We passed this group of kayakers as we continued through the rest of the Gem rapids: Sapphire, Turquoise, and Ruby.
Here's a slightly obstructed view of Sapphire Rapid, courtesy of our waterproof camera.
Lunch was just below Turquoise Rapid at Mile 102 1/2.
Occasionally, the cookie selection featured chocolate cookies. Although they melt in the heat, that was never a problem as they got eaten very quickly.
In this section of the canyon, pink bands of Zoroaster granite cut through the Vishnu schist, often crisscrossing in interesting patterns.
At Mile 108, we took a short hike up Shinumo Creek. Most of the walk was actually in the warm water of the river bed.
At the end of the walk, we were treated to this lovely pool and waterfall. There was a cavern to the right that allowed us to crawl through a passageway and come out directly under the waterfall.
After four days of icy cold river water, it was a nice treat to swim in water warmed by the hot desert sun.
Back at the boats, many of us opted to rinse off in the cold water we had grown to love.
We also took this opportunity to grab a juice or soda. The selection included Gatorade (orange, red, and lemon lime), Sprite, Coke, Diet Coke, Dr. Pepper, Mountain Dew, apple juice, grape juice, grapefruit juice, cranberry juice, and V-8. Red Vines candy, trail mix, apples, oranges, and cracker mixes often came out at these times as well.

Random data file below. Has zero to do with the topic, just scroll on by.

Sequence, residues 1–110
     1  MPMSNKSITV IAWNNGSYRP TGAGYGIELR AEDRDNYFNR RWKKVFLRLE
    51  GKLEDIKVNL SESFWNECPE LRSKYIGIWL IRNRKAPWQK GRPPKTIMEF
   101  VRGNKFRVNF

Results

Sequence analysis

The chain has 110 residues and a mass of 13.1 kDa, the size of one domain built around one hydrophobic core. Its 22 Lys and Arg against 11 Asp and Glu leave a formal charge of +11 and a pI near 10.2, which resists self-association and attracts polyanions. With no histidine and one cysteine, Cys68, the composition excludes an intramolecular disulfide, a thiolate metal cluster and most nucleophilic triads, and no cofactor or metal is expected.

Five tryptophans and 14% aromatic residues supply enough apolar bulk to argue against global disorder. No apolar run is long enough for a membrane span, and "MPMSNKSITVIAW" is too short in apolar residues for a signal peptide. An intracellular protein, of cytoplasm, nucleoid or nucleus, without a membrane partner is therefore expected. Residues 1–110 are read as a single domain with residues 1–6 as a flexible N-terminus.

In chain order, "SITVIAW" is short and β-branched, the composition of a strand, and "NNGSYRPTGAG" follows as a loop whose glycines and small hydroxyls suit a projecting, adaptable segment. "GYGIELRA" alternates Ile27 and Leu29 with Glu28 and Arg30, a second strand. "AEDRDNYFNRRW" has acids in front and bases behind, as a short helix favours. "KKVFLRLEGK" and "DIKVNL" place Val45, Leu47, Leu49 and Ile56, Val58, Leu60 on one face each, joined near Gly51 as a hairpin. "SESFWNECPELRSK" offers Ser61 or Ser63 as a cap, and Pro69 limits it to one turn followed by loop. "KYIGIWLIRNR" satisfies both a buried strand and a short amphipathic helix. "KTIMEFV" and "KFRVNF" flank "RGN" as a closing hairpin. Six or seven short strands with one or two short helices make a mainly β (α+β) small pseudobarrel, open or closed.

A storm was brewing behind us. Lightning over the Grand Canyon is a gorgeous sight, but we didn't have the equipment or patience to share it with you, gentle reader.
Ann-Marie was in no hurry to outrun the rain, because no one minds a little warm rain when they're already wet.
Debbie modeled her rain gear while holding a handful of tasty trail mix.
This funky section of canyon is home to Elves Chasm, which we didn't visit this time. We didn't mind, though, because we saw so many other great places we hadn't seen on previous visits in 1978 and 1980.
Camp was just above Mile 119. The Schilling clan shared a sandy area just up the hill from the main camp. Here is Tom with the Bundlings' third of the camp.
Here is the view past Bob and Becky's section of the camp. Are those blue air mattresses in the camp beyond? Yes, indeed. Sweet waterproof, full body length air mattresses, filled by a battery-operated air pump each evening. Paul and Catherine's family had brought magic Mary Poppins-style knapsacks, out of which they pulled the perfect camping/hiking/swimming/photography/sleeping equipment at the appropriate moment, while appearing to have packed only a spare t-shirt each. Attempts to purchase or steal these air mattresses were unsuccessful.
Down by the shore, preparations were underway for a satisfying dinner of spaghetti and meatballs, salad and bread.
Here's the nightly chair circle, with grey bags filling in for chairs that had already made their way into individual camps.

The race each evening is to get your bed set up before it's too dark to see anything. There's always time to appreciate the sunset though.

Day 5 >


Colorado River 2006: [Day 1] [Day 2] [Day 3] [Day 4] [Day 5] [Day 6] [Day 7] [Day 8]